The main weapon of the Belarus regime is not beating by the police, harassment by the KGB or prison sentences. They have something more effective. First, it is propaganda and, second, the fear of people to lose their jobs. Both can and should be addressed by the international community.

Breaking through the information blockade

Despite the recent progress with the TV channel Belsat broadcasting from Poland and efforts by Deutsche Welle and European Radio for Belarus, independent media penetration remains low and does not reach the general population. The EU needs to step up its support for independent media and increase TV and FM broadcasting to Belarus from Poland and Lithuania. If the Belarus regime will lose the propaganda battle, it will lose the war. The Belarusian regime understands that and uses more repressions against journalists than against any other group. Like the Soviet society, the Belarus society is based on lie, which can be effectively exposed by independent and accessible media.

Helping activists inside Belarus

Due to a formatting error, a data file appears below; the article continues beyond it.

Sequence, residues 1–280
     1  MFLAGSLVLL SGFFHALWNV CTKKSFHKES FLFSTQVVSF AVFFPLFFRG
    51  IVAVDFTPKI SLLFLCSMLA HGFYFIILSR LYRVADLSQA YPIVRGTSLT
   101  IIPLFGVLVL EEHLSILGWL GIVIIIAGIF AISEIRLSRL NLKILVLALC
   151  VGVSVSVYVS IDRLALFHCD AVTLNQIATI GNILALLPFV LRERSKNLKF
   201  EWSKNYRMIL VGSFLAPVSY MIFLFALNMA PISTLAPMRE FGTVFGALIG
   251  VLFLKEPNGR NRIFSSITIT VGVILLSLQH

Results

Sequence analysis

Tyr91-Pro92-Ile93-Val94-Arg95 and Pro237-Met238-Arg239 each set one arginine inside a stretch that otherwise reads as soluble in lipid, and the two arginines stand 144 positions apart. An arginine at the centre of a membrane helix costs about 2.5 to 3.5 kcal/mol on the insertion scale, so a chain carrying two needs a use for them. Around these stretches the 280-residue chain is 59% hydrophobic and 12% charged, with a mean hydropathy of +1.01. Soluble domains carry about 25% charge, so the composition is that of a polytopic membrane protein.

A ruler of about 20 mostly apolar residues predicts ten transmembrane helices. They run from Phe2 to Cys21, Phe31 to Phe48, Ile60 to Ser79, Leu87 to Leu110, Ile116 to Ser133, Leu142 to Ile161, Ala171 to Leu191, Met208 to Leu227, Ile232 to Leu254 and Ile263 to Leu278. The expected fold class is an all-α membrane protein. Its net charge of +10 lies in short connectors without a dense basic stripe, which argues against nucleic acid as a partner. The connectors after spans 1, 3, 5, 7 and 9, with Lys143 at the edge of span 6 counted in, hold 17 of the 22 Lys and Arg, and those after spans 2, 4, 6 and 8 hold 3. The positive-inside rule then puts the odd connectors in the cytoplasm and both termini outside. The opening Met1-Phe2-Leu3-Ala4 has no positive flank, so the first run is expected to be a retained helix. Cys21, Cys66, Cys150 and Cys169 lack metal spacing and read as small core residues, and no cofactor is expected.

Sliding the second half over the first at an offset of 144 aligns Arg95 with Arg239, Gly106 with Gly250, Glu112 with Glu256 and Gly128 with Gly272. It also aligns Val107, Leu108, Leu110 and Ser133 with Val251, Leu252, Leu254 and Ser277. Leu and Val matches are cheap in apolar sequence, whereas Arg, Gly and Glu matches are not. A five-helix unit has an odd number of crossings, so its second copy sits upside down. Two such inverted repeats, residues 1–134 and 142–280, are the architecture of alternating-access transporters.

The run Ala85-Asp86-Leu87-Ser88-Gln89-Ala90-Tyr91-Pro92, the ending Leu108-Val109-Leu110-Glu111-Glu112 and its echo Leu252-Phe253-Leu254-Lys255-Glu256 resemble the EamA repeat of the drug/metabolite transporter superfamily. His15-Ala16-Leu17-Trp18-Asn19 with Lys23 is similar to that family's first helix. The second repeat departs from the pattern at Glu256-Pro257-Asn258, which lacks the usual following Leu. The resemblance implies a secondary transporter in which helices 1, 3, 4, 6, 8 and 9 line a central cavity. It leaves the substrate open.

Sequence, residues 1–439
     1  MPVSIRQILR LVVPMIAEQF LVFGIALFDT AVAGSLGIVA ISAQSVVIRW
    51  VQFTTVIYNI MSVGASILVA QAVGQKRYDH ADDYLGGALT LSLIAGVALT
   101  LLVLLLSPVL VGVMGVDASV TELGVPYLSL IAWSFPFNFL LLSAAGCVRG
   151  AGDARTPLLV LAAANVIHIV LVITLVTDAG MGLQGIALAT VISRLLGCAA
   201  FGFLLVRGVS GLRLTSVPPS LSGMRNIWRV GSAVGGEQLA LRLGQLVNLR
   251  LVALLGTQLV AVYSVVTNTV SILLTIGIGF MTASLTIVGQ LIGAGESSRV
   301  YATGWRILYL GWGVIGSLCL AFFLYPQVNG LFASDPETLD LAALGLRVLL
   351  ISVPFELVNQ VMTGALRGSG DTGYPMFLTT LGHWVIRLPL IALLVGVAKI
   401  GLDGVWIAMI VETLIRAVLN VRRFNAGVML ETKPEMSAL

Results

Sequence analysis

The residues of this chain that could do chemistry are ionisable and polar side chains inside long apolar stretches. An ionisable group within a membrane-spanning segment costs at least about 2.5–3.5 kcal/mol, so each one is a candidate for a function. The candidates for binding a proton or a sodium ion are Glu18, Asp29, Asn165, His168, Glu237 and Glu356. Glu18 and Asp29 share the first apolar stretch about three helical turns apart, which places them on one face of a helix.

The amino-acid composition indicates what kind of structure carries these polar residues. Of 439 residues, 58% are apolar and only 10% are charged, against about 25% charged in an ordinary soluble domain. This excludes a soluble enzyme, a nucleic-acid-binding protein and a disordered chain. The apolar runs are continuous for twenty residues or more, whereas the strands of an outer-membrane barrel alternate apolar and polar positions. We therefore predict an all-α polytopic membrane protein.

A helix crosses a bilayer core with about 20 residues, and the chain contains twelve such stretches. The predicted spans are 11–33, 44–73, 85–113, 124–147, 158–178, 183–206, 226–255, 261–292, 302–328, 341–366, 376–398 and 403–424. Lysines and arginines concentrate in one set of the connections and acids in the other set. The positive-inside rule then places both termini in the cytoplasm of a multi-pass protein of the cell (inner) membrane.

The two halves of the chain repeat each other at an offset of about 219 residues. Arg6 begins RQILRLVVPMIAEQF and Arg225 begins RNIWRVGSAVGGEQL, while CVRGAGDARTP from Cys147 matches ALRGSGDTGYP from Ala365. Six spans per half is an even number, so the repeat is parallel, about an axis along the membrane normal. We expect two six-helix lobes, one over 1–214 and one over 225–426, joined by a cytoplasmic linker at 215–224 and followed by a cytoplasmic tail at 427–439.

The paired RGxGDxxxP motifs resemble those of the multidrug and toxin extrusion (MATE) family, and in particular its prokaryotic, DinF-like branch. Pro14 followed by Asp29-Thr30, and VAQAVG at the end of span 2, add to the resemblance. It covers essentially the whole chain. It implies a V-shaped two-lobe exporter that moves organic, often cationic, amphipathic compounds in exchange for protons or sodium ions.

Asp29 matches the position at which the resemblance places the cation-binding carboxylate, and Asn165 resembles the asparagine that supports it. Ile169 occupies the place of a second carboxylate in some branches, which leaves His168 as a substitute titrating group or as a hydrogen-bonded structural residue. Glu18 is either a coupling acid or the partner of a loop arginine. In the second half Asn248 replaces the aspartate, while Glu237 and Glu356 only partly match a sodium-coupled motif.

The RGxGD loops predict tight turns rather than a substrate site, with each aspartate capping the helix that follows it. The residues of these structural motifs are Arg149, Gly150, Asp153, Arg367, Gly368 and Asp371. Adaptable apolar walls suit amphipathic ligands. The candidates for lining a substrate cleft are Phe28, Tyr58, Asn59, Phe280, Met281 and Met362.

It is also important to help the repressed activists stay inside Belarus. The Belarus authorities tightly control virtually all employers in the country and many people are dismissed for their political activities. In the absence of any other opportunities in the country, those people have to leave Belarus. Most of them would be happy to stay if they could earn at least something to make ends meet in Belarus. The international community can and should help such people to stay in Belarus and remain active in their communities.

One way to do it is to create jobs for activists inside Belarus (e.g. research projects). Also, it is possible to create temporary job opportunities abroad so that people could leave, earn some money and go back to their families and communities. It is much more difficult to bring up a new generation of activists than to retain those who are already active. In addition, many European countries would benefit from cheap labour force from Belarus.

Helping Belarusians travel and work abroad